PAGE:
7"Leave her alone," Jesus replied. " It was intended that she should save this perfume for the day of my burial. 8You will always have the poor among you, but you will not always have me."


Let me give you a bit of background to this event. We read in Luke 10:38-41 about a previous visit by Jesus to the house of Mary and Martha. On this occasion Martha was busy doing the work preparing the meal. Whereas we read that Mary was sat at Jesus’ feet listening to Jesus as he taught. When Martha asks Jesus to tell Mary to come and help her in the kitchen, Jesus responds that actually Mary is doing what is more important. That it is more important to listen to the words of Jesus than to concern oneself with the mundane things of this world.

Later on in John 11 we read about house Jesus raised Lazarus from the dead. We read in verse 2 that Lazarus was the brother of Mary, the same Mary who read about in chapter 12 pouring perfume on Jesus’ feet.

So we realise that Jesus was very close to this family, Mary, Martha and Lazarus. And we also start to realise that they will have heard a lot of Jesus’ teaching and that they had a strong faith.

Jesus quite often talked to his disciples about his own death and what he would have to go through. For example : Mark 10:32-34

 32They were on their way up to Jerusalem, with Jesus leading the way, and the disciples were astonished, while those who followed were afraid. Again he took the Twelve aside and told them what was going to happen to him. 33"We are going up to Jerusalem," he said, "and the Son of Man will be betrayed to the chief priests and teachers of the law. They will condemn him to death and will hand him over to the Gentiles, 34who will mock him and spit on him, flog him and kill him. Three days later he will rise."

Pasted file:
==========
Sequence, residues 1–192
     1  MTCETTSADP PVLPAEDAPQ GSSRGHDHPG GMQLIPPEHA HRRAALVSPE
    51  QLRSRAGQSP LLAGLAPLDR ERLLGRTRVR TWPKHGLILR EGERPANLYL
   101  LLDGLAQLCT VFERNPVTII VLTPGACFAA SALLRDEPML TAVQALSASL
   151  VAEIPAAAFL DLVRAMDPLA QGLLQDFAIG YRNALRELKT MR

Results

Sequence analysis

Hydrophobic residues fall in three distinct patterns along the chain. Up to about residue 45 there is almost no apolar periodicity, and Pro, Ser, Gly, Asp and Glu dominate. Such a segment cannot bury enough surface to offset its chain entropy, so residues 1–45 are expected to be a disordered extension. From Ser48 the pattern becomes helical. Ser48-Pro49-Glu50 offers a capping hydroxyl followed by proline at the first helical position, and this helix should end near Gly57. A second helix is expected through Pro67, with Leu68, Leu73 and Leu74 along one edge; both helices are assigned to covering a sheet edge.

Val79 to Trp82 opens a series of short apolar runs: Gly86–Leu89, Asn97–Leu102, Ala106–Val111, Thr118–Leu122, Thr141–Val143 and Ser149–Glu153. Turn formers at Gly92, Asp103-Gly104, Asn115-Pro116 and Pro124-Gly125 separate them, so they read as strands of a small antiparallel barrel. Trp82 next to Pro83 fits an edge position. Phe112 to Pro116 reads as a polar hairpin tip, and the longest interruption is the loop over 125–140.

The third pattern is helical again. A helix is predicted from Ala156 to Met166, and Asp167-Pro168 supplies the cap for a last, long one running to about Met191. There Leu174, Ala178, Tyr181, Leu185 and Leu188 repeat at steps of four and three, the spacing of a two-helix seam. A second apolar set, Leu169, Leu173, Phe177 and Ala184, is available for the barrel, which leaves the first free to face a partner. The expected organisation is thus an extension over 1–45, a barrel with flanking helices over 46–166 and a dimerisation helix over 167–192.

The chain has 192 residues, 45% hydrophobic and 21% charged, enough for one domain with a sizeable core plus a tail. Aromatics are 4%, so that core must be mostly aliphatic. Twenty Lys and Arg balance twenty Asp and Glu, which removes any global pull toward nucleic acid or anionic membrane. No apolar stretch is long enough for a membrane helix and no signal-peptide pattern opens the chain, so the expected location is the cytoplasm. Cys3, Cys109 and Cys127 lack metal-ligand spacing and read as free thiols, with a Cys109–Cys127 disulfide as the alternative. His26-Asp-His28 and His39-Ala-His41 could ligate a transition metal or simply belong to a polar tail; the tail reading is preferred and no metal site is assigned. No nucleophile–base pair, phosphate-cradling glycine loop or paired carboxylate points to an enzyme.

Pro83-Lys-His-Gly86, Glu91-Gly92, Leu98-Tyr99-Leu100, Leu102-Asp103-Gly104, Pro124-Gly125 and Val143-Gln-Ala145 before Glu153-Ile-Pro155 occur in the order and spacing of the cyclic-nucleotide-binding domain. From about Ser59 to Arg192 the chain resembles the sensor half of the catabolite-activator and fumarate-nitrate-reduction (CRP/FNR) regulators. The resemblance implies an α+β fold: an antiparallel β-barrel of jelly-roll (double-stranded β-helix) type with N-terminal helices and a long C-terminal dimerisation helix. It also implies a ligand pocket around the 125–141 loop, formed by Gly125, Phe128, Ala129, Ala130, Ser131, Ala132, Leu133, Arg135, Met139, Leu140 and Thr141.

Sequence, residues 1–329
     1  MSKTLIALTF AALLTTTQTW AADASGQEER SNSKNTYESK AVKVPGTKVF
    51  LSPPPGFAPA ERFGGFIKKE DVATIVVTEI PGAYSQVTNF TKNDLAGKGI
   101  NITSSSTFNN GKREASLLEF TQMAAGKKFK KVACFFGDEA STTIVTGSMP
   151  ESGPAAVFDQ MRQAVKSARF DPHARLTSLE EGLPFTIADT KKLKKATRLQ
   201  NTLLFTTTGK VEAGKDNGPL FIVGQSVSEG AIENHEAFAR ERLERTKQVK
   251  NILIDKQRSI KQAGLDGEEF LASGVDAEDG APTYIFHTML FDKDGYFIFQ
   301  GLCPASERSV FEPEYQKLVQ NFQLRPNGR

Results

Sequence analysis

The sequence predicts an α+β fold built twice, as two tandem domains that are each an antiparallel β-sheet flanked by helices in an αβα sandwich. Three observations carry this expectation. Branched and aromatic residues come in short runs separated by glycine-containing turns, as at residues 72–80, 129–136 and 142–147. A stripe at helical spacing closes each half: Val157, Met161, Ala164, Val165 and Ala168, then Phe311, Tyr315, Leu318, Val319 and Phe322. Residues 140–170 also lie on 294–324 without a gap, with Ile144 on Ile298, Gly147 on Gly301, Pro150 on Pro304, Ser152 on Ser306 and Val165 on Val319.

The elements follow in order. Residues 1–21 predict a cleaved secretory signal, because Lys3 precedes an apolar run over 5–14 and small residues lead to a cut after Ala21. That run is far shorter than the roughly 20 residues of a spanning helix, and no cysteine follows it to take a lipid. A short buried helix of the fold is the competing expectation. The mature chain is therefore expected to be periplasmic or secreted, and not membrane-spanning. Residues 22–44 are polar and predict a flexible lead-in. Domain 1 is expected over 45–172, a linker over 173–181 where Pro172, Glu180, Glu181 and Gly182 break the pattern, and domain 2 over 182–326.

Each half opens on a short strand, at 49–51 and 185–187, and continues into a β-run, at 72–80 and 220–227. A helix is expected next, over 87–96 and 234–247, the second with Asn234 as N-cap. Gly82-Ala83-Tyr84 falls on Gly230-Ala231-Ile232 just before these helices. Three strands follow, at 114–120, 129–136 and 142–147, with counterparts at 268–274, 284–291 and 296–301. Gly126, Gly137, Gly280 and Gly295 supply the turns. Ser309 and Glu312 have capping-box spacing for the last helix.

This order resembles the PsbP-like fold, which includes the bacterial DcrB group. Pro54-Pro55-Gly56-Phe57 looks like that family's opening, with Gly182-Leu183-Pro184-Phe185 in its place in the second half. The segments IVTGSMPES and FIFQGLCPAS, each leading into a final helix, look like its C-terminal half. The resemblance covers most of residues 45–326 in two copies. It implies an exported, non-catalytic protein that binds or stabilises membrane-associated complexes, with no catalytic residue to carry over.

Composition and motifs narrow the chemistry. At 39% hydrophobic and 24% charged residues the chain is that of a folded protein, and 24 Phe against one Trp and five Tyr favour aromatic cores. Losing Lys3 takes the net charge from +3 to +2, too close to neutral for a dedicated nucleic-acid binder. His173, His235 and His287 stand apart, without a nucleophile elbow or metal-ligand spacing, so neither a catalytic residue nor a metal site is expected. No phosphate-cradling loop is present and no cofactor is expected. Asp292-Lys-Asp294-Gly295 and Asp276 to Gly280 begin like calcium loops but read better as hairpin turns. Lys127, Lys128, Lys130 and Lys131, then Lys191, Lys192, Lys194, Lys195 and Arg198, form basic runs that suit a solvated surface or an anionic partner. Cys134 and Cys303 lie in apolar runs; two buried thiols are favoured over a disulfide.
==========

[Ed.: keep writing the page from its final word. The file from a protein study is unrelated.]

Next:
I believe that Mary would have heard Jesus speak like this. But unlike the other disciples I think that she took this to heart in did something about it. So coming back to John chapter 12 I put it to you that Mary knew that Jesus was about to be betrayed and put to death. She knew that this was her last chance before the Passover and these events to anoint Jesus. In the parallel account in Mark 14:8-9 it says:

8She did what she could. She poured perfume on my body beforehand to prepare for my burial. 9I tell you the truth, wherever the gospel is preached throughout the world, what she has done will also be told, in memory of her."

So Mary believing that Jesus was going to be put to death shortly did what she could beforehand to prepare Jesus for his burial. It is an act of love and devotion to her Lord. But also an act of faith, believing that what Jesus said about himself would come true.


So one last thought to conclude our study. We have learnt that sacrifices that are fragrant and pleasing to God are those that are given of our own free will. We give them because of our love and devotion to God and because it is what our faith drives us to do. Not because we are compelled to give them by a third party. And we have learnt that the offerings that God desires us to give are those that involve loving the Lord of God with all our heart, soul and mind and loving our neighbour as ourselves.

Romans 12

 1Therefore, I urge you, brothers, in view of God's mercy, to offer your bodies as living sacrifices, holy and pleasing to God—this is your spiritual[a] act of worship. 2Do not conform any longer to the pattern of this world, but be transformed by the renewing of your mind. Then you will be able to test and approve what God's will is—his good, pleasing and perfect will.

Paul therefore urges us to give our very bodies and lives as living sacrifices to God. By which he means that all the things we do and think should be devoted to God as our spiritual act of worship. And in order to do this we should renew our minds. Any to renew our minds we must feed it with the word of God and by acting on what we’ve learnt.